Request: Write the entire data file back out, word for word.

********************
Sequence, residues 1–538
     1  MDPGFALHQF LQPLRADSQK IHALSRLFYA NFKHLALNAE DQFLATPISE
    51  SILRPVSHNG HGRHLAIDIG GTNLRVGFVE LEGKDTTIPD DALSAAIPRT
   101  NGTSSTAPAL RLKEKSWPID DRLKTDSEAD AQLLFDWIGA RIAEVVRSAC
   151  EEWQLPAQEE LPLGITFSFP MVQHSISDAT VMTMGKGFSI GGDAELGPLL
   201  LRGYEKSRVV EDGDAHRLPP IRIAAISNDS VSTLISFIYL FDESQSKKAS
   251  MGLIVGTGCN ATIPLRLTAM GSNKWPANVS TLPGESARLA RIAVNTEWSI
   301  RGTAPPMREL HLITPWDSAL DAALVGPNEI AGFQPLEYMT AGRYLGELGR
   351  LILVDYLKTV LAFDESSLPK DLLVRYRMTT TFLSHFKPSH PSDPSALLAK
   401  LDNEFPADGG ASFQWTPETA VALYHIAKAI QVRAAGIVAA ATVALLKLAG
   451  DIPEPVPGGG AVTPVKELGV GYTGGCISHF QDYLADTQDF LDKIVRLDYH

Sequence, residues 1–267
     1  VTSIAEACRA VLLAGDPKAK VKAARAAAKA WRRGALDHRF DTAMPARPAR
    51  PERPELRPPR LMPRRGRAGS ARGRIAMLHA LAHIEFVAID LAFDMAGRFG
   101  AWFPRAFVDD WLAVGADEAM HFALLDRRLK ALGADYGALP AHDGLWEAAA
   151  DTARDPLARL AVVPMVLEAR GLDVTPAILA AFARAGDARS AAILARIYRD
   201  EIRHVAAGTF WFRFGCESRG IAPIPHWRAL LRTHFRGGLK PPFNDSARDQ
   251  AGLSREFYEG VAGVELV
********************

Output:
Sequence, residues 1–538
     1  MDPGFALHQF LQPLRADSQK IHALSRLFYA NFKHLALNAE DQFLATPISE
    51  SILRPVSHNG HGRHLAIDIG GTNLRVGFVE LEGKDTTIPD DALSAAIPRT
   101  NGTSSTAPAL RLKEKSWPID DRLKTDSEAD AQLLFDWIGA RIAEVVRSAC
   151  EEWQLPAQEE LPLGITFSFP MVQHSISDAT VMTMGKGFSI GGDAELGPLL
   201  LRGYEKSRVV EDGDAHRLPP IRIAAISNDS VSTLISFIYL FDESQSKKAS
   251  MGLIVGTGCN ATIPLRLTAM GSNKWPANVS TLPGESARLA RIAVNTEWSI
   301  RGTAPPMREL HLITPWDSAL DAALVGPNEI AGFQPLEYMT AGRYLGELGR
   351  LILVDYLKTV LAFDESSLPK DLLVRYRMTT TFLSHFKPSH PSDPSALLAK
   401  LDNEFPADGG ASFQWTPETA VALYHIAKAI QVRAAGIVAA ATVALLKLAG
   451  DIPEPVPGGG AVTPVKELGV GYTGGCISHF QDYLADTQDF LDKIVRLDYH

Sequence, residues 1–267
     1  VTSIAEACRA VLLAGDPKAK VKAARAAAKA WRRGALDHRF DTAMPARPAR
    51  PERPELRPPR LMPRRGRAGS ARGRIAMLHA LAHIEFVAID LAFDMAGRFG
   101  AWFPRAFVDD WLAVGADEAM HFALLDRRLK ALGADYGALP AHDGLWEAAA
   151  DTARDPLARL AVVPMVLEAR GLDVTPAILA AFARAGDARS AAILARIYRD
   201  EIRHVAAGTF WFRFGCESRG IAPIPHWRAL LRTHFRGGLK PPFNDSARDQ
   251  AGLSREFYEG VAGVELV